“They are a perfect complement to one another. That’s why both have been successful independent businesses,” Ms. Wiley says. Claymore has different fixed-income product offerings, “they have non-cap-weighted equity and they have a really attractive commodity lineup,” she adds.

Adrian Mastracci, portfolio manager at KCM Wealth Management Inc. in Vancouver, says that, while BlackRock and Claymore take different approaches, there are enough similarities that he is “sure there is going to be some amalgamation” of funds once the deal closes.

“We are not happy to see Claymore go, of course, because we like competition. Competition is good for investors, and it’s good for advisers when we have more things to look at. So we are probably going to lose some things [as a result of the acquisition] and we are just going to have to deal with that.”

Still, Mr. Mastracci adds, it is a vibrant market and new products will emerge – both from the BlackRock-Claymore combination and their competitors in the ETF field, including establishment players such as Bank of Montreal and Royal Bank of Canada, along with Toronto-based Horizons ETF Management Inc. and new entrant Vanguard Group Inc.

ETFs provide an attractive, low-cost alternative to mutual funds and, with investors seriously embracing ETFs, there is tremendous room for growth, Mr. Mastracci says. “The mutual fund industry is a behemoth in comparison to the ETFs, but I would say the ETFs are nipping at their heels, and every year they nip a little more.”

Investor awareness “is very high now,” says Ms. Wiley, a University of Western Ontario sociology graduate who landed in the asset management field by happenstance when she was hired to fill in for a maternity leave at State Street Global Advisors. Discovering a passion for the business, Ms. Wiley went on to earn her chartered financial analyst designation and “has never looked back.”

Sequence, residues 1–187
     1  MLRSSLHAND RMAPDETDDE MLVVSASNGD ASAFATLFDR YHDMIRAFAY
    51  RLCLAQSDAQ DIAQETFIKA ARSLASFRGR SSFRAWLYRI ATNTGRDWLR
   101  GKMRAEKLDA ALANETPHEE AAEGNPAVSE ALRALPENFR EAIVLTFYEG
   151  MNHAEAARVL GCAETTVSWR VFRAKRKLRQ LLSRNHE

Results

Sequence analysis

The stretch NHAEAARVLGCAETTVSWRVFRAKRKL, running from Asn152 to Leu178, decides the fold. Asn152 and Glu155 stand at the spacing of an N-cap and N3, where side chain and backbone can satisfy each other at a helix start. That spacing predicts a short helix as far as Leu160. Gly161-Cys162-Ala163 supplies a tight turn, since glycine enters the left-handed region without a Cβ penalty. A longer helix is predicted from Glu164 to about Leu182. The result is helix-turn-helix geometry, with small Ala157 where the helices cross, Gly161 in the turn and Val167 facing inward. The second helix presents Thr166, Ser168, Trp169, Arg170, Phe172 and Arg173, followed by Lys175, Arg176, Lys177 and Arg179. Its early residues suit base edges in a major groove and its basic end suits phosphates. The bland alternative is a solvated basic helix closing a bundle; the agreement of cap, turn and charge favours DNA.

ETF assets are now equivalent to about 5 per cent of all mutual fund assets under management in Canada, up from 3.6 per cent three years ago. With its Claymore acquisition, BlackRock is in a better position to capitalize on the growing appetite for ETFs with a broad range of products that, she says, have “democratized investing” by giving individual investors access to institutional-class investment opportunities for relatively low fees compared with the management expense ratios charged by mutual fund managers.

“The markets are not delivering double-digit returns, nor does anybody expect that’s going to happen any time soon, I would think.” As a result, investors are paying much closer attention to how much they are shelling out in management fees, she says.

The cost differential varies dramatically depending on the product, Mr. Seif adds in a separate interview, but ETF fees typically come in at between one-tenth to one-quarter the cost of traditional mutual funds.

Both Mr. Seif and Ms. Wiley believe that the biggest market inroads will be made not so much against other ETF providers, but against the mutual fund industry.

“That’s where the majority of assets lie, and that’s where we feel we have a really strong alternative for investors,” Ms. Wiley said. “So this is really an exciting combination that we have taken on here.”

For his part, Mr. Seif said there is “still a lot to be figured out, we are still in the midst of an overall process … we haven’t resolved roles in any way.

“But I would say that people at Claymore are really excited and committed to the future with BlackRock, myself included. We see a very bright future for the platform.”

Special to The Globe and Mail